I came to Traveler of Worlds: Conversations with Robert Silverberg, by Alvaro Zinos-Amaro, with a certain caution, for two reasons. First, I’ve never read any Silverberg, and an entire book about an author I have not read didn’t sound very appealing. And secondly, I had heard (inaccurately, as it turns out) that this particular book had been on the Rabid Puppies wishlist.
I enjoyed it much more than I expected to. It’s basically a set of transcripts of long interviews with Silverberg, and since Silverberg is an entertaining raconteur, with a lot of opinions on a lot of subjects, it works quite well. Zinos-Amaro asks good questions, which helps. Though it did feel like reading yet another podcast.
There were a lot of bits which caught my interest, but a prevailing theme through the book was Silverberg’s awareness of his mortality. He is eighty, he figures that realistically, he probably has another 5-10 years in him, and that changes how he views the world. He has less patience for trying to figure out where an author is coming from, for example – if the story doesn’t work for him, well, he only has limited reading time left. I was especially struck by the bit where he talked about having read Rabelais for the third time recently, and having enjoyed it very much, and this was his farewell to Rabelais, because he only has so many years left, and there are other books that still need to be read. I was less thrilled/convinced by his contention that authors should really stop writing at sixty or so because (with a tiny handful of exceptions) they just don’t produce good work after that point, because they tend to be too removed from current linguistic and social trends.
I enjoyed his anecdotes about his extensive travels (he has said farewell to a number of places, but he refuses to say farewell to Paris, because he will keep going there for as long as he possibly can), and I was interested to hear that, like me, he has very vivid dreams and nightmares and writing fiction keeps the nightmares at bay because his imagination is getting used by his conscious mind so it doesn’t need to disturb him by night.
Zinos-Amaro interviewed Silverberg extensively about authors and their styles, asking what he thought of the various Nobel Prize for Literature winners over the years (interestingly, Silverberg does not read science fiction any more, and tends to read literary fiction instead). I especially liked his take on Patrick White, which is pretty much what I think of White too:
“Very strong novel, but, gee, I don’t want to read any more of his books. Here’s a case where every sentence set my teeth on edge, but the story itself is quite powerful.”
I am also now keen to get my hands on Hector Servedac by Jules Verne, which has a bizarre plot about a comet shaving off North Africa and taking it into orbit around Jupiter, then bringing it back. Apparently, this is not a fatal experience for those on board, and I really need to know what happens!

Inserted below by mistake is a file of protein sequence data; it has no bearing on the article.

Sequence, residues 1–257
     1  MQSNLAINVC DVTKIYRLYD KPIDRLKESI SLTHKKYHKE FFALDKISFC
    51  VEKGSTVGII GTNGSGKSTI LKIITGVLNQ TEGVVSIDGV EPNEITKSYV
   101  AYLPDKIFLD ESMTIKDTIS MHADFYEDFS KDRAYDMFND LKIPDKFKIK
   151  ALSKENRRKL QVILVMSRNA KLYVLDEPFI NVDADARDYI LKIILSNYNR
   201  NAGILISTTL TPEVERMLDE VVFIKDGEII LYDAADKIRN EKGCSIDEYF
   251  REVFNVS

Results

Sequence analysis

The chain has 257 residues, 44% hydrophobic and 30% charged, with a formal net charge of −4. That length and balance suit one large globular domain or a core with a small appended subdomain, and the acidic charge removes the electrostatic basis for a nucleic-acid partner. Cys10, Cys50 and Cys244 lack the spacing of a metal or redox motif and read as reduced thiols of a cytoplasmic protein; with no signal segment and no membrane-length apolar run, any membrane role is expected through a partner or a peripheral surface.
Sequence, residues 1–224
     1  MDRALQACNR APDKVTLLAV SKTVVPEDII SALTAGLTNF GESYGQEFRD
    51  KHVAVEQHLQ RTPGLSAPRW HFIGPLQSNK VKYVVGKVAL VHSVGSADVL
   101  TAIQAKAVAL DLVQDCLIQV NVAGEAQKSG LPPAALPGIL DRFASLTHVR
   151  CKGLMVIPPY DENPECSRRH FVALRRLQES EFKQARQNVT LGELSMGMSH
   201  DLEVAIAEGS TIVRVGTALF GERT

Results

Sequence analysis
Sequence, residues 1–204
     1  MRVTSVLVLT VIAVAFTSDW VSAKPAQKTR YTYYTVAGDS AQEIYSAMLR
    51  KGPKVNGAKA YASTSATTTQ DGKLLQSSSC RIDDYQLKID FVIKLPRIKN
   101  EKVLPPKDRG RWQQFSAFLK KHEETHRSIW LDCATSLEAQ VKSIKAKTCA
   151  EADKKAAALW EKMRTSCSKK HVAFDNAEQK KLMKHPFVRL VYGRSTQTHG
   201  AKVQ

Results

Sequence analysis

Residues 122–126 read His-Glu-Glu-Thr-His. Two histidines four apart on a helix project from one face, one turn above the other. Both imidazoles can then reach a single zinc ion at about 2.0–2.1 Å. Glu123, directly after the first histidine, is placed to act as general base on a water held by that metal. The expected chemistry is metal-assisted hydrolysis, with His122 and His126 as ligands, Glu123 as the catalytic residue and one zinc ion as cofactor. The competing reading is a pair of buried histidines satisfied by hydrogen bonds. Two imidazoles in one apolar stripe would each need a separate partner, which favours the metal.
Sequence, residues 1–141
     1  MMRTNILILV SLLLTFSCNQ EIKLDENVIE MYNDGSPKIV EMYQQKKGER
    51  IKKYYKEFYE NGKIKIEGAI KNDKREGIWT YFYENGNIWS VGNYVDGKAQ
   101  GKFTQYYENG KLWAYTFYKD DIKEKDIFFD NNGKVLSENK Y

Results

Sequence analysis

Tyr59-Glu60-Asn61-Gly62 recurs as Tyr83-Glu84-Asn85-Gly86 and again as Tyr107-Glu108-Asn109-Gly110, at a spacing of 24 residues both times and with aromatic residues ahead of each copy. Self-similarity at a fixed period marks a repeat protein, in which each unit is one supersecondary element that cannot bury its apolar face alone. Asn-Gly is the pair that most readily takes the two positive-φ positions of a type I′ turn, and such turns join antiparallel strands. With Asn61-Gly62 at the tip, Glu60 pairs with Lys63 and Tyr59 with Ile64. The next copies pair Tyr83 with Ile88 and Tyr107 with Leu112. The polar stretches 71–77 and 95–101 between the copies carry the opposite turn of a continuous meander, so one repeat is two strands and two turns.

Silverberg also had some interesting things to say on the subject of style. There’s a nice section where he compares the styles of Hemingway and Greene (who he does like) with Hardy (who he does not approve of at all). And he talks about doing ‘hack work’ as a writer, which he views as an honest job, provided you know that this is what you are doing.
Having said that, I can’t help noticing that female writers just don’t seem to exist in Silverbegs world. Anne McCaffrey is the only one who even gets a mention, and then only in passing as the first female Hugo winner, and a friend who gave him a big box of magazines containing his work after his house burned down. Her writing is not discussed. Penelope Lively is mentioned by the interviewer at the end, but Silverberg has not read her work, and he talks about another female author as appealing to millions of women. I do think that this reflects more on his age and background than any deliberate bias or misogyny, but it’s a bit frustrating nonetheless.
Silverberg’s politics were another ‘oh dear’ moment for me. He is a libertarian, and quite right-wing economically. He does think that the Republican tendency towards anti-scientific thinking and Christianism is a problem, but apparently it is still preferable to what the Democrats do. And he really does not seem to understand left wing politics at all – I had the sense that he was arguing in good faith – but against straw men, without having any idea that he was doing it. In particular, he is quite dismissive of modern political sensitivities in a way which suggests that he absolutely misses the point of them.
Overall, this book leaves me feeling that I wouldn’t particularly enjoy reading Silververg’s novels, but that I’d love to read his autobiography. He comes across as thoughtful, likeable, and very erudite – but also old-fashioned, rather conservative, and a bit depressingly embedded in Old White Male SF culture.
I prefer Le Guin, but this really was far easier to read than I anticipated.